quotes tagged with 'saint'

Now, please notice the next line in Mosiah 3:19: "and becometh a saint." May I suggest this phrase describes the continuation and second phase of life's journey as outlined by President McKay. "The purpose of the gospel is . . . to make bad men good"--or, in other words, put off the natural man--"and good men better"--or, in other words, become more like a saint. Brothers and sisters, I believe this second part of the journey--this process of going from good to better--is a topic about which we do not study or teach frequently enough nor understand adequately.

If I were to emphasize one overarching point this morning, it would be this: I suspect that you and I are much more familiar with the nature of the redeeming power of the Atonement than we are with the enabling power of the Atonement. It is one thing to know that Jesus Christ came to earth to die for us. That is fundamental and foundational to the doctrine of Christ. But we also need to appreciate that the Lord desires, through His Atonement and by the power of the Holy Ghost, to live in us--not only to direct us but also to empower us. I think most of us know that when we do things wrong, when we need help to overcome the effects of sin in our lives, the Savior has paid the price and made it possible for us to be made clean through His redeeming power. Most of us clearly understand that the Atonement is for sinners. I am not so sure, however, that we know and understand that the Atonement is also for saints--for good men and women who are obedient and worthy and conscientious and who are striving to become better and serve more faithfully. I frankly do not think many of us "get it" concerning this enabling and strengthening aspect of the Atonement, and I wonder if we mistakenly believe we must make the journey from good to better and become a saint all by ourselves through sheer grit, willpower, and discipline, and with our obviously limited capacities.
Author: DAVID A. BEDNAR, Source: "In the Strength of the Lord", http://speeches.byu.edu/reader/...Saved by mlsscaress in process doctrine understanding atonement assistance saint familiar redeem ebable mosiah 12 years ago[save this] [permalink]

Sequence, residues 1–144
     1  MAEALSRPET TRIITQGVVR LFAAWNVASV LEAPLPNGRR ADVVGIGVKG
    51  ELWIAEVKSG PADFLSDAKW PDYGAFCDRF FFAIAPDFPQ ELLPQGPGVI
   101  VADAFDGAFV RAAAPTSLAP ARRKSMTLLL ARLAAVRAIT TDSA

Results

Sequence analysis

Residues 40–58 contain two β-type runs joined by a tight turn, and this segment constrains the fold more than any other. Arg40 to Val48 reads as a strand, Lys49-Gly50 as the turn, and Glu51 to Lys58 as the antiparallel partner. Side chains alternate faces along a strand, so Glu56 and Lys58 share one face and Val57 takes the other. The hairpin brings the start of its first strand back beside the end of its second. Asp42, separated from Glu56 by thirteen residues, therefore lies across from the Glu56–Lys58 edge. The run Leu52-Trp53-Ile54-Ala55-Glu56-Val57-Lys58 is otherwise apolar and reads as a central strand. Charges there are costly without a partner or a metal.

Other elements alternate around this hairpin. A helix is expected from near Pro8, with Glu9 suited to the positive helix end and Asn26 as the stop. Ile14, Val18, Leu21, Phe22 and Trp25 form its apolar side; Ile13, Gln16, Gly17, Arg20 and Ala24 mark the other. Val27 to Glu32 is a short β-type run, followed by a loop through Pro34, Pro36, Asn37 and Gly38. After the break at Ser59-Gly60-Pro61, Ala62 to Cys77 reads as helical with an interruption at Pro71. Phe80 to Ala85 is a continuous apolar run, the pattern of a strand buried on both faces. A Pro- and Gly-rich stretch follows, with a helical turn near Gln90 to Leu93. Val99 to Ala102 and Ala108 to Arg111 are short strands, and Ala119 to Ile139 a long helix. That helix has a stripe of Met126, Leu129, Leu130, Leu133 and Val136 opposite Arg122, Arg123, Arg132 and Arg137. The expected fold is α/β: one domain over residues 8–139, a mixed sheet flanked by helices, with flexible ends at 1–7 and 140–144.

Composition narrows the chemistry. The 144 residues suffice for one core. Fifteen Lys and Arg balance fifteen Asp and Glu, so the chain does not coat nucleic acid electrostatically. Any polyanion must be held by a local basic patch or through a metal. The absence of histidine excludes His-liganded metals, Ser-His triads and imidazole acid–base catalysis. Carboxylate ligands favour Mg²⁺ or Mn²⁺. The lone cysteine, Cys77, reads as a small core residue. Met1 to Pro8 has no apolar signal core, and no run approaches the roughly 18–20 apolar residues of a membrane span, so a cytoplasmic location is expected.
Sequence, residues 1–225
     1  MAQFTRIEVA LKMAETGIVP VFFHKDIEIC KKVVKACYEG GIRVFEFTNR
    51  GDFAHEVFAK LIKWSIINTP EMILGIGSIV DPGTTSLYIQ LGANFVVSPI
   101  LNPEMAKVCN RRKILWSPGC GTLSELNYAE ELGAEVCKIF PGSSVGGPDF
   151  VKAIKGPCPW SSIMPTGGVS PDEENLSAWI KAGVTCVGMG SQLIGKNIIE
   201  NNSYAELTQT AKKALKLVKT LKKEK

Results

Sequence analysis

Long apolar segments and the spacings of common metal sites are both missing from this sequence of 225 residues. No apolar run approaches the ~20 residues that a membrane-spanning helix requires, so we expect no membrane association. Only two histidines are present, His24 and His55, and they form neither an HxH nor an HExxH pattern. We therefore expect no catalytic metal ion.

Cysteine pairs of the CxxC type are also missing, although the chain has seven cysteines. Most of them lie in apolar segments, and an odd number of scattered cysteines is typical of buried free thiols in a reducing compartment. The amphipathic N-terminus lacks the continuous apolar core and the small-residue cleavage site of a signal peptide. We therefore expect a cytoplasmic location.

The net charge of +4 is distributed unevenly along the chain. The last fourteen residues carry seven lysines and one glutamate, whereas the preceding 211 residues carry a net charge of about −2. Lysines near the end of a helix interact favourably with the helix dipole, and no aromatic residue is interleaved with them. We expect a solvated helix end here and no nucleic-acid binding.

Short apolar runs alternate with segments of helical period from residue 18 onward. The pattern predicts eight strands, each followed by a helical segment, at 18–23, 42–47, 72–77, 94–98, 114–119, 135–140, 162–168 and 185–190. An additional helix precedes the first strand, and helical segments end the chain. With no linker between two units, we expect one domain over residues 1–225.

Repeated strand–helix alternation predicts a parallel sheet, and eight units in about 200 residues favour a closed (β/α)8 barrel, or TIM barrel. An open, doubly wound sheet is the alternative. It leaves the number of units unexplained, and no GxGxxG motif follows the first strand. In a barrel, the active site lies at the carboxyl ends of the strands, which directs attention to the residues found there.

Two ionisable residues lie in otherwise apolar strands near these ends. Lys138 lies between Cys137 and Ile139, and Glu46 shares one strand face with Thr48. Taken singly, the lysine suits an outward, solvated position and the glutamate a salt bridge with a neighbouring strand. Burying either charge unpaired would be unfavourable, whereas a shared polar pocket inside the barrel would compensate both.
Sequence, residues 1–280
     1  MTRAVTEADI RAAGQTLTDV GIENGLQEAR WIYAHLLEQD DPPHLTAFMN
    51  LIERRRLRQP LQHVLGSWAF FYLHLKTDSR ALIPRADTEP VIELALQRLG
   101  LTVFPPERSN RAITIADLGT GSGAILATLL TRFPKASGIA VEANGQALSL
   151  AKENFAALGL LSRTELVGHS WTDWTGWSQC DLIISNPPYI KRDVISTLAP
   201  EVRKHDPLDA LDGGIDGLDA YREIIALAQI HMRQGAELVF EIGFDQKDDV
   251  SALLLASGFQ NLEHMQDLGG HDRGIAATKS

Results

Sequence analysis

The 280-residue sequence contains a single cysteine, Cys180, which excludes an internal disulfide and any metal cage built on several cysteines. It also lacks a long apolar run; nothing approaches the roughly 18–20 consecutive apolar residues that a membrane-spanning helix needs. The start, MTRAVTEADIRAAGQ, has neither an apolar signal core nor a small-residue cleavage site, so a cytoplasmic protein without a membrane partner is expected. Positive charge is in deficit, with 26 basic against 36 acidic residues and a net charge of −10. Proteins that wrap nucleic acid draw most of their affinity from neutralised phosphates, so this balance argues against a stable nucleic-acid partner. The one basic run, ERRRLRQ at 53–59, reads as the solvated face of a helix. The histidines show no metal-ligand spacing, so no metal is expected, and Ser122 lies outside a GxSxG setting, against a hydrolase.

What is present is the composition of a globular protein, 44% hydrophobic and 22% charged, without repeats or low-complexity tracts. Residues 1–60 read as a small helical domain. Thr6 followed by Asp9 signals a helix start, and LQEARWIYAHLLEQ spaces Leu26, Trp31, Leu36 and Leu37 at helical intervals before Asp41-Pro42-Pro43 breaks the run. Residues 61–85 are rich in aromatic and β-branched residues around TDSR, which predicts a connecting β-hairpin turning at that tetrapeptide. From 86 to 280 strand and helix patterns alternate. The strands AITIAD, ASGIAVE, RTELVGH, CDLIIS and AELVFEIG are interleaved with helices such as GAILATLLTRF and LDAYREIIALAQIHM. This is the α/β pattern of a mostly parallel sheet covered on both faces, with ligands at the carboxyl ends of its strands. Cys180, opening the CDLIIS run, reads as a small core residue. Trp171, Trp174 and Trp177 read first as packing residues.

Let me suggest that hands are made clean through the process of putting off the natural man and by overcoming sin and the evil influences in our lives through the Savior’s Atonement. Hearts are purified as we receive His strengthening power to do good and become better. All of our worthy desires and good works, as necessary as they are, can never produce clean hands and a pure heart. It is the Atonement of Jesus Christ that provides both a cleansing and redeeming power that helps us to overcome sin and a sanctifying and strengthening power that helps us to become better than we ever could by relying only upon our own strength. The infinite Atonement is for both the sinner and for the saint in each of us.
Author: Elder David A. Bednar, Source: “Clean Hands and a Pure Heart,” Liahona, Nov 2007, 80–83. http...Saved by mlsscaress in desires atonement gift sinner goodworks pure saint becoming 12 years ago[save this] [permalink]
For the serious disciple, the cardinal attributes exemplified by Jesus are not optional. These developmental milestones take the form of traits, traits that mark the trail to be traveled. After all, should not Latter-day Saints have a special interest in what is required to become a Saint, virtue by virtue and quality by quality? Hear the words of King Benjamin:

And becometh a saint . . . submissive, meek, humble, patient, full of love, willing to submit to all things which the Lord seeth fit to inflict upon him. [Mosiah 3:19]

These attributes are eternal and portable! Being portable, to the degree developed, they will go with us through the veil of death, and still later they will rise with us in the Resurrection when all else stays behind. Meanwhile, so much of our time is ironically devoted to learning and marketing perishable skills that will soon become obsolete. It isn't just the morticians who will have a vocational crisis in the next world, brother and sisters.
Author: Elder Neal A Maxwell, Source: "In Him All Things Hold Together", http://speeches.byu.edu/rea...Saved by mlsscaress in resurrection love disciple attributes time devotion saint skills traits humble meek submissive patient develop vocation 13 years ago[save this] [permalink]
If we are not serving Jesus, and if he is not in our thoughts and hearts, then the things of the world will draw us instead to them! Moreover, the things of the world need not be sinister in order to be diverting and consuming.

For the serious disciple, the cardinal attributes exemplified by Jesus are not optional. These developmental milestones take the form of traits, traits that mark the trail to be traveled. After all, should not Latter-day Saints have a special interest in what is required to become a Saint, virtue by virtue and quality by quality? Hear the words of King Benjamin:

And becometh a saint . . . submissive, meek, humble, patient, full of love, willing to submit to all things which the Lord seeth fit to inflict upon him. [Mosiah 3:19; emphasis added]

These attributes are eternal and portable! Being portable, to the degree developed, they will go with us through the veil of death, and still later they will rise with us in the Resurrection when all else stays behind. Meanwhile, so much of our time is ironically devoted to learning and marketing perishable skills that will soon become obsolete. It isn't just the morticians who will have a vocational crisis in the next world, brother and sisters.
Author: Neal A. Maxwell, Source: In Him All Things Hold Together, firesite Brigham Young University on 31 March 1991Saved by mlsscaress in virtue world disciple attributes time thoughts career saint skills traits milestones 13 years ago[save this] [permalink]

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